Editorial: The FDA’s decision to allow the shipment of abortion pills won’t help you if you live where they’re banned.

Finally, the U.S. Food and Drug Administration took the long-awaited decision last week to drop the requirement that abortion-inducing drugs must be dispensed in person by a health care provider at a facility. medical. The American College of Obstetricians and Gynecologists, reproductive health experts and abortion rights supporters had urged the FDA for years to lift restrictions on the safe and effective two-drug regimen that has been available in the United States since 2000 and has been a popular abortion method for 10 first weeks of pregnancy.

This means that the pills can be obtained after consultation online and by mail, which increases access for everyone, especially for people with low incomes or who do not have child care or flexible jobs that allow them time to travel to a clinic. . Consultations with a provider before getting the pills can be done via telehealth, as can any necessary follow-up appointments. But that doesn’t replace Roe’s protections against Wade, which can be overridden or significantly weakened by the Supreme Court.

The FDA explains on its website that it has permanently changed its requirements “to reduce the burden on patient access and the health care delivery system and to ensure that the benefits of the product outweigh the risks”.

During a medical abortion, a pregnant person first takes mifepristone, a drug that blocks the hormone progesterone, which is necessary for the pregnancy to continue. Then, usually a day or two later, the person takes misoprostol, which causes the uterus to contract and the fetus to come out. The second drug, misoprostol, is used for various medical reasons and is available in pharmacies. The first drug (which is also given to treat miscarriages) is strictly regulated as it is the only drug registered with the FDA to induce abortion. The FDA had allowed people to take the drugs at home or wherever they wanted. Now the FDA doesn’t require them to go to a medical facility first to pick them up.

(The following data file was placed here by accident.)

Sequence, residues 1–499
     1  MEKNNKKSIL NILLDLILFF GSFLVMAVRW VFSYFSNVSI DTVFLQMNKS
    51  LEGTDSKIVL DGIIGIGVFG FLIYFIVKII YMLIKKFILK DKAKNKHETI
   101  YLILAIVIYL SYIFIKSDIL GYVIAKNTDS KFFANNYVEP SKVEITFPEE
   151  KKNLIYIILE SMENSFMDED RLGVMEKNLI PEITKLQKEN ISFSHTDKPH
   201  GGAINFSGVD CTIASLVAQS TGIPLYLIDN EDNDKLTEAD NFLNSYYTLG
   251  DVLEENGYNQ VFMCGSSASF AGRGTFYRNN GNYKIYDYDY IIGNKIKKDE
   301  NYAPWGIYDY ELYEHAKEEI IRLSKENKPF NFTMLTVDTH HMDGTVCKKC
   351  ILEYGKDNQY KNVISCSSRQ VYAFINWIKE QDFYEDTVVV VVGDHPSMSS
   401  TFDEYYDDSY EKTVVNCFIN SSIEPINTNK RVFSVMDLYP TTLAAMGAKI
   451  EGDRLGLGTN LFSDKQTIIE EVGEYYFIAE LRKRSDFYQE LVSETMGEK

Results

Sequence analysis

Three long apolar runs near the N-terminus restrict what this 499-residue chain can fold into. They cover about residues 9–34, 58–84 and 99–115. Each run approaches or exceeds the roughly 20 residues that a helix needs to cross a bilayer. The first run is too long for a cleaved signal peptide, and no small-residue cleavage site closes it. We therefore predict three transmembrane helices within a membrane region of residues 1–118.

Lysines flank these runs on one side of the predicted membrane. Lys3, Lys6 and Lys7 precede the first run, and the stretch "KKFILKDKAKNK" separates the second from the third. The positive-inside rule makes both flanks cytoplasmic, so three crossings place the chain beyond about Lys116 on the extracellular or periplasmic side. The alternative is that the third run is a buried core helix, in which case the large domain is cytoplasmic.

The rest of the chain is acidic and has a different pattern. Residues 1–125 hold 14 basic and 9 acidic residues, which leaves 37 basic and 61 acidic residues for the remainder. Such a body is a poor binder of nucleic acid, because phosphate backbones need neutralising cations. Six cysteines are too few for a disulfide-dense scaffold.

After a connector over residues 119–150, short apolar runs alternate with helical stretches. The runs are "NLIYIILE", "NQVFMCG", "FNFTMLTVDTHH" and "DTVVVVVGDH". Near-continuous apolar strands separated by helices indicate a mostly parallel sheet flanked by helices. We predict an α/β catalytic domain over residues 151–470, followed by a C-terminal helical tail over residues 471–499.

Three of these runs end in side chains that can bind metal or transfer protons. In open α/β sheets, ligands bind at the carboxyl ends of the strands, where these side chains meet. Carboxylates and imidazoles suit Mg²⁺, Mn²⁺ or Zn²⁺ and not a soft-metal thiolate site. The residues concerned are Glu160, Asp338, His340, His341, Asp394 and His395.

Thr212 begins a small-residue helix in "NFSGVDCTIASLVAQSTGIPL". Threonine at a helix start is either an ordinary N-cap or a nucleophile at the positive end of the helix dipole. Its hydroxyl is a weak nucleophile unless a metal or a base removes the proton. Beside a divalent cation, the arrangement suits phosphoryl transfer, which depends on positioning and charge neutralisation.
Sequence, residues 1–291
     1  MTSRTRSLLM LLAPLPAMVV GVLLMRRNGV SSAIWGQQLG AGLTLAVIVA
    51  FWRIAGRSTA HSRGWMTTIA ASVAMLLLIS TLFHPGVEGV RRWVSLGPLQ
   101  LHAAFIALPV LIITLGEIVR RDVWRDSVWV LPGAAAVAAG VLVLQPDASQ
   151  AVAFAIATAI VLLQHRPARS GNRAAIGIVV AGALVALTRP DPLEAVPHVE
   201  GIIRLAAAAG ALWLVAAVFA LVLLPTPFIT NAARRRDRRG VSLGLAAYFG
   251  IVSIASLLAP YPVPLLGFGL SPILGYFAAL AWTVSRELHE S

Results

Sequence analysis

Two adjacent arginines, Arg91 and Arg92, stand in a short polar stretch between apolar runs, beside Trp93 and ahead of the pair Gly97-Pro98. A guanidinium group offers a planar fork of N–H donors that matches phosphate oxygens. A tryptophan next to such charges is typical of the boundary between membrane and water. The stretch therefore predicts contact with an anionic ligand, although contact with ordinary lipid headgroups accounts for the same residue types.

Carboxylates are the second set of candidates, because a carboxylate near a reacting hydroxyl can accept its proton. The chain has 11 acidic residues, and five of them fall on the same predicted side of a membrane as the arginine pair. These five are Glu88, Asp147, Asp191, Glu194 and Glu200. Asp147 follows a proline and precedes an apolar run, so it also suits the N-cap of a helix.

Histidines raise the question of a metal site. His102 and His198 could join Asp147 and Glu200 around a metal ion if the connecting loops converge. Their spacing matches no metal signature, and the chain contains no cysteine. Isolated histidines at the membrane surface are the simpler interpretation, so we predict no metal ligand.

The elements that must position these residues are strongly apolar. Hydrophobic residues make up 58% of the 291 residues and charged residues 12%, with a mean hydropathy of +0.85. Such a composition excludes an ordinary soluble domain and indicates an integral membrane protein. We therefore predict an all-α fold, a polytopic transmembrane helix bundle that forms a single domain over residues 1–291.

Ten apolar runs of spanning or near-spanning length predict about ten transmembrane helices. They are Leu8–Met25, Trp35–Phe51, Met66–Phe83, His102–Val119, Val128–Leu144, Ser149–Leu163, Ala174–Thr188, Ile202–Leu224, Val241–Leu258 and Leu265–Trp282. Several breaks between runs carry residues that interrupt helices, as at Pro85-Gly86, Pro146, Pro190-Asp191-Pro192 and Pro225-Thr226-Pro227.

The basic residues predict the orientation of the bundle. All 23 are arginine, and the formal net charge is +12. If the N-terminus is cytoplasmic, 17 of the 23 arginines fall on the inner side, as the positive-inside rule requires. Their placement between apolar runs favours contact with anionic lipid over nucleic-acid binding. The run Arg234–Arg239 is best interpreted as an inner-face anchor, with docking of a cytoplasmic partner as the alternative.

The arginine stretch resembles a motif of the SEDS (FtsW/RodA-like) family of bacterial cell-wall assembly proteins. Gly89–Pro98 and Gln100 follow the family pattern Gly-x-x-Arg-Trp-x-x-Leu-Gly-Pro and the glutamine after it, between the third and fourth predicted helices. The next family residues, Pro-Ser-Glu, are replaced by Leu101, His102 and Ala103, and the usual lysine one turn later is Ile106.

In addition to waiving the requirement to receive mifepristone in person, the FDA said pharmacies could dispense the drug as long as they are certified by the drug’s manufacturers. No doubt the drug will continue to be delivered via certain mail-order pharmacies already certified to ship it. It is not yet known whether physical pharmacies will be certified to supply the drug.

The inescapable fact is that the abortion access landscape is bleak at the moment. There are 19 states that have books laws requiring a clinician dispensing abortion pills to be physically present to dispense the medication. Thus, the FDA rule change will have no effect on these states. And in eight of those states, the person receiving the pills must take the first course with the health care provider present. Meanwhile, the state of South Dakota has proposed regulations that would require both drugs to be taken at a clinic.

None of these restrictions is anything more than an attempt to make first-trimester abortion as difficult as possible.

And if the Supreme Court overturns Roe v. Wade or severely limits his protections, about half of the states in the country would have to ban abortion. If this happens, even the mailing of abortion drugs prescribed by an out-of-state doctor will likely be banned in those states. Obtaining abortion pills would require a trip to a state where they are licensed or to non-US based pharmacies.

But the fact is, no one should have to go that far, and without the advice of a medical professional, to get a legal drug that has been approved by the FDA.

If Roe is overthrown, pregnant women may not have to resort to “clandestine” abortions thanks to medical advances. But they will still face challenges and potential criminalization if they want to terminate their pregnancies, said Elisabeth Smith, director of state policy and advocacy for the Center for Reproductive Rights.

The possibility of women being prosecuted for having abortions or for ordering pills online from a pharmacy – anywhere – is horrifying. No one should have to risk incarceration for exercising control over their own body. But that’s the world we’re heading into if Roe vs. Wade is knocked down.

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